Last night was the night of the big Super 15 Final between the Reds and the Crusaders. Although it’s the third sporting final I’ve had the good fortune to watch this year, it didn’t make me any less nervous on the day. Probably the best idea that afternoon was when Dom suggested we go kick the ball around in the park before kickoff. Otherwise I would’ve just been pacing around the apartment, driving everybody nuts.
I think just about everything there is to say about the Reds and their meteoric rise in the last two seasons has already been said. But I’ll repeat some of the figures again because they’re awesome. The Reds won sixteen games this season which is as many as they did in seasons 2005-2008 combined. Prior to the 2010 season, they finished amongst the bottom three spots in the Super Rugby ladder for four consecutive seasons. Their marquee players were either retiring (Chris Latham) or jumping ship (Berrick Barnes). At their darkest hour, with crowd attendances spiralling downwards, the club had to ask for financial assistance from the ARU.
The arrival of coach Ewen McKenzie kickstarted a very sudden and abrupt change in fortunes. He helped shape Quade Cooper from being a troubled young player who got arrested for stealing an ex’s laptop into a world-conquering Number 10 who is drawing comparisons to Dan Carter for his ability to control and dominate a game. The average age of the Reds players is 22. But Ewen McKenzie has not only managed to bring out the best of the young players, he has also helped turn around the career of players like Radike Samo, who is 35 years old and last played for the Wallabies seven years ago. After his performance this season, Robbie Deans has named him in the 40 man line up for the Wallabies squad leading into the World Cup.
As with the Roar final, Jen and I pooled together eight tickets and brought along a group of friends to share the occasion. As expected, Suncorp was a sellout. 53,000 people attended the game – an Australian Super Rugby attendance record. Ewen McKenzie also tweeted that the game was the most watched non-free-to-air sporting event in Australian history with 500,000 people tuning in. During the game I had a twitter message from Matt in Dubai, a TFW comment from Pat in London and an SMS message from my parents in Malaysia to all say they were tuning in to watch the game. It was a pretty cool feeling knowing that all these people were getting a chance to see my local team play the biggest game in the club’s history.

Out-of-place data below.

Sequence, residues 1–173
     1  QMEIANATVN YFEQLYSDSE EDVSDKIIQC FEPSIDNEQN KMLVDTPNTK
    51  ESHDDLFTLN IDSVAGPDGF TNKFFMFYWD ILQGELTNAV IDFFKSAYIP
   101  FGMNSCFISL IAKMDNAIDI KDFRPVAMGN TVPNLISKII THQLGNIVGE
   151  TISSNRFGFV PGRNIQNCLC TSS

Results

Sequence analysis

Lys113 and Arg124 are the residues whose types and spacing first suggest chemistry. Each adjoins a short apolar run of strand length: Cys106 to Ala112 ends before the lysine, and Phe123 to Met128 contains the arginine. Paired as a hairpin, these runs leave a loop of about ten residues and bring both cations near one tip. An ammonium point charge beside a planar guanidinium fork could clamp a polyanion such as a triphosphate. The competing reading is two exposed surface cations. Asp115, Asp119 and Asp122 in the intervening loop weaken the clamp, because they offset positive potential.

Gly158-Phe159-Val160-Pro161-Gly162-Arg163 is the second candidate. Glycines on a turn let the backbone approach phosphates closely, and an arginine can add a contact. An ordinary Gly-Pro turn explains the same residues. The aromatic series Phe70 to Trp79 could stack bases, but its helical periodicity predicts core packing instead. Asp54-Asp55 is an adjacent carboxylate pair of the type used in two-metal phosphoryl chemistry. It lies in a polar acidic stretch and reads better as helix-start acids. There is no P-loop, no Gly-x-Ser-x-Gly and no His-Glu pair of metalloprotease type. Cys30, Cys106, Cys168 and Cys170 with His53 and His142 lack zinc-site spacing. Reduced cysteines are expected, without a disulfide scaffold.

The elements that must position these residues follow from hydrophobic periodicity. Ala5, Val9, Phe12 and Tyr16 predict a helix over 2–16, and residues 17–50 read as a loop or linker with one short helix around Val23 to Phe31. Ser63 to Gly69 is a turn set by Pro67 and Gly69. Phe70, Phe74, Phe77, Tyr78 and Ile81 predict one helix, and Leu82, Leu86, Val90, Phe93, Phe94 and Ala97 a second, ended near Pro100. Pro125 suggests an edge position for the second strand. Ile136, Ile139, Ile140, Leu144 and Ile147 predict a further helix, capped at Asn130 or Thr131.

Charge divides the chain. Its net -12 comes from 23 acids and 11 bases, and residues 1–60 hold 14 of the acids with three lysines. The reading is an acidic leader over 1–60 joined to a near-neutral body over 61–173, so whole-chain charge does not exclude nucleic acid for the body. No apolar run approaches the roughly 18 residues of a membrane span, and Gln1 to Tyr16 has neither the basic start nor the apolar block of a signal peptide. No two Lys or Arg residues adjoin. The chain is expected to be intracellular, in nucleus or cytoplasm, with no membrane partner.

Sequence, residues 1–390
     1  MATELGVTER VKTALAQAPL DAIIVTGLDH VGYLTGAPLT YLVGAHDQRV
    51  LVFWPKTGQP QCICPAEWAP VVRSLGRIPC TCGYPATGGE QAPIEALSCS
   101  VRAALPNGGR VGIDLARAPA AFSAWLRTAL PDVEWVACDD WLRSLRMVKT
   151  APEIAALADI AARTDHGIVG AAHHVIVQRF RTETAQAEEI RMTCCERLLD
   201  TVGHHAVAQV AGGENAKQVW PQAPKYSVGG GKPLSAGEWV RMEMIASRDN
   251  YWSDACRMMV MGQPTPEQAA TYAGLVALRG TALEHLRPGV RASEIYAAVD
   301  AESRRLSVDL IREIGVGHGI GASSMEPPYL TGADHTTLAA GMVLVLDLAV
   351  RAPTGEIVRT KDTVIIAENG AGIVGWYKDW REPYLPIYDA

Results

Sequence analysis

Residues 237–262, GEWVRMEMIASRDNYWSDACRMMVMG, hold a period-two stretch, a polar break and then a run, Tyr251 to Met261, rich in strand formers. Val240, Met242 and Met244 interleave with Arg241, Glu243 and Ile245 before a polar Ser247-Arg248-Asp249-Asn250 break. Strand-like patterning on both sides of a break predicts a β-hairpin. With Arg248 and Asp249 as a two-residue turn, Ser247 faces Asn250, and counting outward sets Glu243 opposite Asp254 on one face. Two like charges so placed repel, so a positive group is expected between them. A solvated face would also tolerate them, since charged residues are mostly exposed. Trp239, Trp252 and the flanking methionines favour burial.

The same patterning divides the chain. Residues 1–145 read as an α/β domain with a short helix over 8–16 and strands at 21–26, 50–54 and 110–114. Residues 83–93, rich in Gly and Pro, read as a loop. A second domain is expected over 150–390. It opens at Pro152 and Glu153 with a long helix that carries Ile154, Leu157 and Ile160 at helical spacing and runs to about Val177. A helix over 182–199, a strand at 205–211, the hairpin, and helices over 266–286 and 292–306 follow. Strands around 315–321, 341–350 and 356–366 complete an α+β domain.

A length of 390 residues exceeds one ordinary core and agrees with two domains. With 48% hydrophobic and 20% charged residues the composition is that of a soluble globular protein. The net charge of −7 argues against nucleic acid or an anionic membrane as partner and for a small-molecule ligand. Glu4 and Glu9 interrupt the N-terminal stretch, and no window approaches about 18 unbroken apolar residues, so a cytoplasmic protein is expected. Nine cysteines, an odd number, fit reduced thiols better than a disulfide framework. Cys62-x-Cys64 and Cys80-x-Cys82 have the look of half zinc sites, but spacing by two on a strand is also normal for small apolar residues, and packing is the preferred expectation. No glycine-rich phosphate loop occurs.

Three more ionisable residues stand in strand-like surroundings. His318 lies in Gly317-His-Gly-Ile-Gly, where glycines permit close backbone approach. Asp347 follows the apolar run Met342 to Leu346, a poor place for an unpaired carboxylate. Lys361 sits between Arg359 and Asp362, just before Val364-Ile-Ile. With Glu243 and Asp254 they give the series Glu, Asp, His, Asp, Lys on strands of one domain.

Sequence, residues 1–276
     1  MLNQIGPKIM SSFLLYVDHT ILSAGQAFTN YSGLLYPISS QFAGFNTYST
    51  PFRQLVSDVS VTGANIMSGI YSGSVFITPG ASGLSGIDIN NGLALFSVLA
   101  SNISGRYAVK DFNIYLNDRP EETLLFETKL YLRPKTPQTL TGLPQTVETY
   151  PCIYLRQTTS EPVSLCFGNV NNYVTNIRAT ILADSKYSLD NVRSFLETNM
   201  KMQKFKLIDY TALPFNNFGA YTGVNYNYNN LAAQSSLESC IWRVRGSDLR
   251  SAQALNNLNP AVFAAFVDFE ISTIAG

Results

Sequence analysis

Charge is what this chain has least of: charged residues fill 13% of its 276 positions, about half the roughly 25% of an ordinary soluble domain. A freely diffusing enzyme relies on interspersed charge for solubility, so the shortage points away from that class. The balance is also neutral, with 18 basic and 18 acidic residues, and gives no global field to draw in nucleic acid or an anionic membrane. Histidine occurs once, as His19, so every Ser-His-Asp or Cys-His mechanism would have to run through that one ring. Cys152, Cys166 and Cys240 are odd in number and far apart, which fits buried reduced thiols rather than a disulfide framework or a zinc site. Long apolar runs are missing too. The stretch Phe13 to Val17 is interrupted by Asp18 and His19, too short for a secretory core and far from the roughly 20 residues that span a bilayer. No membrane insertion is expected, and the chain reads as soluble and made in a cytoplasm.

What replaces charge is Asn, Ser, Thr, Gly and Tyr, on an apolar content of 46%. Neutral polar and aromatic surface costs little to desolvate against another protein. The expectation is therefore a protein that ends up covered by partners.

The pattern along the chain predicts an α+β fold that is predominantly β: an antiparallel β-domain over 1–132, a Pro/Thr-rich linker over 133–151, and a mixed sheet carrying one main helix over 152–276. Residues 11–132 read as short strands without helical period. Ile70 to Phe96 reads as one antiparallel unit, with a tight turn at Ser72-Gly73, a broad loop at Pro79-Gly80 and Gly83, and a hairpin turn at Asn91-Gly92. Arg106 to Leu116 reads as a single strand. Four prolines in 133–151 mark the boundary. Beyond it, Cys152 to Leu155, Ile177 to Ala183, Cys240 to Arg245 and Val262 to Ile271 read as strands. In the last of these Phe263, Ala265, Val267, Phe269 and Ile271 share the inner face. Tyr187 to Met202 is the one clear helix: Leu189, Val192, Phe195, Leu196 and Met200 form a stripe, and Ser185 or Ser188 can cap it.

The final between the Reds and the Crusaders has been billed as the ‘disaster final‘, for the fact that both cities experienced a major natural disaster earlier this year. The Crusaders were obviously more impacted of the two clubs – they didn’t play a single game at their home ground this season which was badly damaged. For that matter, the Courier Mail pointed out that in the lead up to the finals, playmaker Dan Carter had travelled over 10,000 kilometers in flying from Christchurch to Capetown, back to Christchurch, then off to Brisbane to complete his journey to the finals. By comparison, Quade Cooper travelled just 12 km, with his home in Bulimba being just a stone’s throw away from the stadium.
The game itself was a tense affair, particularly in the first half. Although both sides made plenty of line breaks, the final pass never seemed to stick and both teams coughed up chances. After a deadlocked opening half hour, it was Cooper who opened the scoring as he kicked a penalty from the touchline. That Cooper managed to improve his kicking after last week’s wayward efforts, would make a significant impact on the outcome of the game.
The first try however, fell to Dan Carter who scored a well-worked individual effort, kicking a grubber past the Reds line, picking up the perfect bounce and scooting under the posts. Cooper kicked one more penalty before halftime to leave the score at 7-6 in favour of the Crusaders.
At the break, Ewen McKenzie earnt his paycheck with what must have been an effective half team speech. In the second half the Reds adjusted tactically, played with greater composure, retained possession and ultimately it lead to the breakthrough.